Title: Homecoming

By Honorat

Rating: K

Disclaimer: I've got something of Disney's, and it calls to them. The gold calls to them.

Pairing: Norrington/Dauntless

Summary: The young Captain Norrington has a rare moment alone with his beloved ship

Thank you Geekmama for betaing this.


James Norrington shifted position in the small tender so that he could see around the oarsman who had agreed to take him out to his ship. The movement caused the orders tucked in his breast pocket to rustle faintly, bringing a smile to his lips that nearly caused the rowing sailor to forget himself and smile back.

Norrington resisted the urge to take the papers out again, even though he had them memorized, indeed had nearly worn the folds through with repeated perusal. After all, he wouldn't be able to decipher them in the dark. And so far, however unlikely they might seem, each time he read them the orders remained the same.

He, James Norrington, only recently serving as captain of an eighteen gun, two-masted, ketch-rigged schooner of war, was being given, for extraordinary service (and also, James feared, urgent necessity), the command of the Dauntless, a first rate ship of the line, and the rank of post captain to go with it. He had been awaiting the fulfillment of his orders for what seemed an aeon, since the action that had taken her former captain's life had put the Dauntless in dock undergoing extensive repairs for several months.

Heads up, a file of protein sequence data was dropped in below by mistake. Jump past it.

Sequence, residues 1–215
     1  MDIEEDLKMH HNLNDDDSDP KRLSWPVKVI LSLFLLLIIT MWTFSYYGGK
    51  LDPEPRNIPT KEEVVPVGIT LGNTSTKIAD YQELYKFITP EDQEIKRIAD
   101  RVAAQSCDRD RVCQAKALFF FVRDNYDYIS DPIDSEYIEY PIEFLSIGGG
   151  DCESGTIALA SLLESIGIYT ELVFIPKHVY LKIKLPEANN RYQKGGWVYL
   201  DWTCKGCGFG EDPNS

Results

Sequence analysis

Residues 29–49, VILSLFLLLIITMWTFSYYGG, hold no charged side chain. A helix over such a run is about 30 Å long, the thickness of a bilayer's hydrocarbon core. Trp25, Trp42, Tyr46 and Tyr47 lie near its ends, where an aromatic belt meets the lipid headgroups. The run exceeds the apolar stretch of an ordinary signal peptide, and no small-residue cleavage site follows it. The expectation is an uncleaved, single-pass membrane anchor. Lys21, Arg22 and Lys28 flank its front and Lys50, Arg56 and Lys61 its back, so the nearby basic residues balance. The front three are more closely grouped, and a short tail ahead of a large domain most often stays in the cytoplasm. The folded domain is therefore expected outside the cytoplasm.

When he had visited her there, he'd scarcely been able to see her properly, trussed as she was alongside the wharf, surrounded by water littered with all the rubbish of port, her yards a-cock-bill to clear the obstructions of the cranes overhanging her, her decks a jumble of unrelated items and invaded by grimy, yelling shore people. She had seemed to him a graceful and reluctant guest at a noisy and crushing ball, waiting a decent interval before thanking her host and fleeing.

Now, however, the Dauntless lay cleared for the sea, shed of the corrupting influence of land. Her crew would be boarding in the morning, but tonight she would only have a harbor watch set, and her new captain might spend a few quiet moments in communion with her, their first chance to be alone together and to become reacquainted.

On that perfectly calm night, the bay lay before him like polished glass, the silver track of the moon scarcely shimmering on its surface. At the centre of that immense starry stillness, the Dauntless rode at anchor, a darker silence, her tall spars etching black lines against the night sky and strung together by the gossamer blur of her rigging. A brighter star, her riding light, burned clear and confident, mirrored in the water, as though she had left out a welcome for one who had wandered far. And indeed, as her vast shadow engulfed the little tender, her former first lieutenant, now captain, felt that he was in truth returning home.

Norrington's unannounced arrival at the Dauntless startled her duty officer into a frenzied attempt to muster a formal reception for his ship's captain. It took Norrington's not inconsiderable ability to impose his will on reluctant subordinates to convince the man simply to lower the ship's ladder and allow his captain to climb aboard with no fanfare or even an announcement. When Captain Norrington informed the man that he was relieved of the watch for the next four hours, the poor fellow nearly imploded at the irregularity; however, as Norrington informed him gently, to disobey a direct order would be even more irregular.